Running the tool is straightforward, after you’ve compiled the program (or used the release binaries), execute:
If none of your open channels accepted an HTLC from an invalid channel, you’ll see something like the following:
2019/09/27 03:45:06 Num invalid channels found: 0 2019/09/27 03:45:06 Your node was not affected by CVE-2019-12999!
Otherwise, you’ll see a breakdown of which of your node’s channels are invalid, as well as the total possible amount of funds lost.
Mitigating Any Further Attacks
If, after running the script above, you find that your node has an invalid
channel, you can immediately forcibly remove the channel. It’s safe to remove
the channel as it cannot be closed, and none of your funds are contained in the
channel. One can remove the channel using the
abandonchannel RPC command.
This command can only be run if the running
lnd binary was compiled with the
dev tag. In order to compile your
lnd binary with the
dev tag, one can
execute the following command at a version of
v0.7.1 or greater:
make install tags=dev
lnd node has been re-built (if needed), you can drop any invalid
channels with the following command:
lncli abandonchannel --funding_txid=<txid> --output_index=index
Prevention If Unable to Update
If you are unable to update for any reason (though we strongly recommend you
update), you can prevent any new inbound channels by restarting your node with
--maxpendingchannels=0. This will prevent your node from accepting any new
inbound funding requests.
Future Security Practices
Lightning Labs take security matters very seriously, and here provide some
steps to ensure the safety of
lnd users and the Lightning Network as a whole
as we move forward.
Stay on Recent Releases
In coordinating the network upgrade, we were surprised to find many nodes running very old versions relative to the age of the software. Now is a good time to remind the community that Lightning software is still maturing—regardless of the implementation you run, keeping up with recent releases is important to ensuring nodes are protected against less severe issues that are patched on an ongoing basis.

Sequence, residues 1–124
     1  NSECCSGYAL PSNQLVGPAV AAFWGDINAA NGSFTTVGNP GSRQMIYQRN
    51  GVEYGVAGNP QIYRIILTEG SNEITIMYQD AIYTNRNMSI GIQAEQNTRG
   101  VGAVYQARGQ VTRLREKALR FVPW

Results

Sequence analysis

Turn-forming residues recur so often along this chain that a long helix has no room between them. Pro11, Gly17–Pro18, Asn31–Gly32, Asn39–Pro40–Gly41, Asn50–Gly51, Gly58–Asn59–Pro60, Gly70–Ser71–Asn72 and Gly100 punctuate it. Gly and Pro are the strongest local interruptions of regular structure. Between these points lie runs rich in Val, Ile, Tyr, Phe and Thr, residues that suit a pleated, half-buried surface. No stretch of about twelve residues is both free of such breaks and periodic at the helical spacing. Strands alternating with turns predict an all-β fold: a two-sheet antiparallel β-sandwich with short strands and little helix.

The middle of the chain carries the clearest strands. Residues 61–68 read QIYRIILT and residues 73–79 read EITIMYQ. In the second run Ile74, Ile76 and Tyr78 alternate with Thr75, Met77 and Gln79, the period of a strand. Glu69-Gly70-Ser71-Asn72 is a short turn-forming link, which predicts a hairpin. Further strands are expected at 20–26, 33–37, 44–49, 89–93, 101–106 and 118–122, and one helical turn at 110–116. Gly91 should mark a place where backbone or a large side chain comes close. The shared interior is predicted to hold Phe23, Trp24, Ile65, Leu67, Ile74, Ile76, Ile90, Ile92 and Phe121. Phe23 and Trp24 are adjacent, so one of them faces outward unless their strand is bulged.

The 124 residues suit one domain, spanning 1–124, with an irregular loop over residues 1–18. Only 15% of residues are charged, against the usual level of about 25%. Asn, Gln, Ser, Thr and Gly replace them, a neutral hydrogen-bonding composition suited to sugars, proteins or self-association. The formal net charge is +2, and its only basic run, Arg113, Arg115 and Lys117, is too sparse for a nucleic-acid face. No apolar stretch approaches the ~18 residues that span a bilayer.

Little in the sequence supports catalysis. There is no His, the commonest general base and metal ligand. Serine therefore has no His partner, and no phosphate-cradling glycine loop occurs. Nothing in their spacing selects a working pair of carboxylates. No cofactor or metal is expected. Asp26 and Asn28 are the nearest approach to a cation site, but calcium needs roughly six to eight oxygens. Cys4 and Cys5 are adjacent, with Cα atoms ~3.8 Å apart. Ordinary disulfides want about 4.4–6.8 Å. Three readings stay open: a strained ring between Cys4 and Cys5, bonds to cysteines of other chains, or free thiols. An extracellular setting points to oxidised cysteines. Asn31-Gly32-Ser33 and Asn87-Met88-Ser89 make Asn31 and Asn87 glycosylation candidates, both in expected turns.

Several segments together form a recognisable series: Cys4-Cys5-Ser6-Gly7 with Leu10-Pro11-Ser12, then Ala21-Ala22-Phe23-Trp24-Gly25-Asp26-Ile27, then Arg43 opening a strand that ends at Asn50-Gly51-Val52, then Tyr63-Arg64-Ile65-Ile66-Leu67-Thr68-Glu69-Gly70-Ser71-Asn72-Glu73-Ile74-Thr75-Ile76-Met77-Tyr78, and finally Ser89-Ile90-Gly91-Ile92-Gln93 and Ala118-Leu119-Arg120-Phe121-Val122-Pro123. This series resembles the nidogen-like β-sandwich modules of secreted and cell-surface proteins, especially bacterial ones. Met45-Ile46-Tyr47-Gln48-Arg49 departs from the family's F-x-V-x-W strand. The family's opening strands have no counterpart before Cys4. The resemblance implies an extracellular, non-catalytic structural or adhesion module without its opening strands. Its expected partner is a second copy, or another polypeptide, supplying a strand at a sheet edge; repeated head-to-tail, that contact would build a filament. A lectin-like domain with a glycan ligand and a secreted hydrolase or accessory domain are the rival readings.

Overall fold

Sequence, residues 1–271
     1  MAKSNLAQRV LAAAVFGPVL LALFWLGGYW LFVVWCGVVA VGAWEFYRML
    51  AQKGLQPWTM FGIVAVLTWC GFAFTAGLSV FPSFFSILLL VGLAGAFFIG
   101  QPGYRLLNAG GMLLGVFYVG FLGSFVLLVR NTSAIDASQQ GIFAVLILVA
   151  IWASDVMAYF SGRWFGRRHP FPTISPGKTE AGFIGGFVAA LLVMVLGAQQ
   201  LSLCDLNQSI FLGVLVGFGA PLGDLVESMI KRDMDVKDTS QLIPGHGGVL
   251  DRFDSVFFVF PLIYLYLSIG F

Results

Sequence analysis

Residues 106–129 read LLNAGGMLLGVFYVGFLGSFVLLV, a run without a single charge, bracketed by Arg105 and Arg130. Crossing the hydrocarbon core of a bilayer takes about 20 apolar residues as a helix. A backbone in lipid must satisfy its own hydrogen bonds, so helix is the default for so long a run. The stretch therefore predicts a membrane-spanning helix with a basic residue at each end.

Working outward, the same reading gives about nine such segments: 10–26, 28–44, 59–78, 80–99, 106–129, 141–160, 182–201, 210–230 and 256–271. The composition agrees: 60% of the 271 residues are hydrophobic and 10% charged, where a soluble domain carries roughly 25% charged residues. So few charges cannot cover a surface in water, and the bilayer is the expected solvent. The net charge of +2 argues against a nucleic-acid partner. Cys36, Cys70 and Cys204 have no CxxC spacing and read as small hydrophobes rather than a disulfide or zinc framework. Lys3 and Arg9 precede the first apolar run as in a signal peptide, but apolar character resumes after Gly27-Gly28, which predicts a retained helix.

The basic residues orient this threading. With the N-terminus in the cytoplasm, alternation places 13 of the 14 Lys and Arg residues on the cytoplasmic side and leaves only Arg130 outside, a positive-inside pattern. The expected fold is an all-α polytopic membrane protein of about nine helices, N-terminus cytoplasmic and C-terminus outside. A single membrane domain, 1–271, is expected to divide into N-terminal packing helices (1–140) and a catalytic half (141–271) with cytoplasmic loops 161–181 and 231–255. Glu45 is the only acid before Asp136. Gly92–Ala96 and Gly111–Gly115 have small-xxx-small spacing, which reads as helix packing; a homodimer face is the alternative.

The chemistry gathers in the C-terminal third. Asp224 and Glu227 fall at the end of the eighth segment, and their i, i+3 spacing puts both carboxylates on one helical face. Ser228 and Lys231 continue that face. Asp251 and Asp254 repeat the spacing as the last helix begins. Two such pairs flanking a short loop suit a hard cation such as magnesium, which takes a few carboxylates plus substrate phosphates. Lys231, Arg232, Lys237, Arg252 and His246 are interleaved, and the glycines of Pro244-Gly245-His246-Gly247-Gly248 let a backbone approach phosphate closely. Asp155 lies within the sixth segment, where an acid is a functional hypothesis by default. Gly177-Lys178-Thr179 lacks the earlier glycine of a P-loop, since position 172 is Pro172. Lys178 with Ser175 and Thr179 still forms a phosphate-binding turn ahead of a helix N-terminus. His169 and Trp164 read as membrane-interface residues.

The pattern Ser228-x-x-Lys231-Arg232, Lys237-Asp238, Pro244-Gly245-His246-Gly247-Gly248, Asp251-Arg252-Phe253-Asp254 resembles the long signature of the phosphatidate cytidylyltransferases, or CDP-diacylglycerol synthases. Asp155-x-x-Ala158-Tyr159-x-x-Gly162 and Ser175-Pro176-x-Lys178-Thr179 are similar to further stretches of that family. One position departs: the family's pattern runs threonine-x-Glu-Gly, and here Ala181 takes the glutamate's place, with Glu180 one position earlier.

If you operate a highly capitalized node or are otherwise likely to be a target, this should ring particularly true. At this point in the game it is best practice for all to be using a release that is at most a few months old. If you run into issues upgrading, please reach out via our LND Developer Community Slack or email for assistance.
The Lightning Network specification currently requires a hard funding limit of 16.7M satoshis, and a payment limit of 4.2M satoshis. These limits were put in place specifically to limit exposure to vulnerabilities like the CVEs disclosed today. Even with the current proposal to allow negotiation of higher limits, users should be cautious in blindly accepting or creating channels with higher limits. For now, we recommend that users continue to respect these limits.
Bug Bounties and Responsible Disclosures
As a proactive measure, Lightning Labs plans to create a formal bug bounty
program allowing third-party individuals to responsibly disclose new
vulnerabilities. We already work with several members of the community to
improve the security and reliability of
lnd under adversarial conditions, and
this will provide an opportunity for those individuals to be compensated for
their valuable contributions. Stay tuned for more information about the final
process. As always, we will continue to accept responsible disclosures via our